Xarelto was approved by the U.S. Food and Drug Administration (FDA) in July 2011 to reduce the risk of pulmonary embolism and deep vein thrombosis (DVT) in hip and knee replacement patients. The drug was later approved to reduce stroke and blood clot risks in patients with atrial fibrillation.
Within the first quarter of 2012, the FDA received 356 adverse event reports about Xarelto, according to QuarterWatch. Some of the more serious reports involved Xarelto and bleeding internally without an antidote to reverse the drug’s blood thinning effects. Xarelto bleeding incidents accounted for 34 percent of the adverse events.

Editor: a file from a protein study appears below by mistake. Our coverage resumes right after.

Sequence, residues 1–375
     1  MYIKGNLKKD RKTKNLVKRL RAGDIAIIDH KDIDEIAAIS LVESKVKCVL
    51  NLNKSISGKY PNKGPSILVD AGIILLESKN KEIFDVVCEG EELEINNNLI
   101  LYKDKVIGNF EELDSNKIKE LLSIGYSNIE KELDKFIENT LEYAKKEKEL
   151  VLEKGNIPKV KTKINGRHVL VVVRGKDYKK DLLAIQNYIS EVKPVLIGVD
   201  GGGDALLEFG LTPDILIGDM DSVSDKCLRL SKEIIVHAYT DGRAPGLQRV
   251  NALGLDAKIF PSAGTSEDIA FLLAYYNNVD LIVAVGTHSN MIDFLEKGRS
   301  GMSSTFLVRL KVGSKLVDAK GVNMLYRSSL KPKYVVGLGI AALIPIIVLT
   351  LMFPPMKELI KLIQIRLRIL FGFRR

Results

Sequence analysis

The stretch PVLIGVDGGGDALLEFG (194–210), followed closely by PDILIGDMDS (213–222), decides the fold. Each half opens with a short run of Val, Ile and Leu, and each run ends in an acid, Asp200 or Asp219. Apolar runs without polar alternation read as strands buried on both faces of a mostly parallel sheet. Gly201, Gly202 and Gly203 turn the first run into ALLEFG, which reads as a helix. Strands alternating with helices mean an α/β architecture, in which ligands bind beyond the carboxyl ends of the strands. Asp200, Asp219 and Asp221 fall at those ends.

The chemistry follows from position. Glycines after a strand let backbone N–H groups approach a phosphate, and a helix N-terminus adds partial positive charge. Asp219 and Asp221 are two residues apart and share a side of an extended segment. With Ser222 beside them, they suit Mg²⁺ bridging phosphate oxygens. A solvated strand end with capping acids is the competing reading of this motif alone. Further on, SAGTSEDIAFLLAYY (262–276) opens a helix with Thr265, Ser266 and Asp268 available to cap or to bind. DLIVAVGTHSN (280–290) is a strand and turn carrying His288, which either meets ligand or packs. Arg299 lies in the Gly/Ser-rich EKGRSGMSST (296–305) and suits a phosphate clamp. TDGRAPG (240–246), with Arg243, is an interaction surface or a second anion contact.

A Xarelto user who sustains an injury can suffer from unstoppable internal bleeding after just one dose.
Xarelto users who were hospitalized for substantial bleeding and those who lost a loved one who took Xarelto are urged to contact a Xarelto lawyer to protect their legal rights. Filing a lawsuit against the drug’s manufacturers can make them take responsibility for their failure to advise Xarelto users to monitor their blood levels.
Greg Spizer is a partner of Anapol Weiss and co-chairs the firm's Mass Tort Department. He concentrates his practice on pharmaceutical liability, professional malpractice, products liability and other civil and commercial litigation.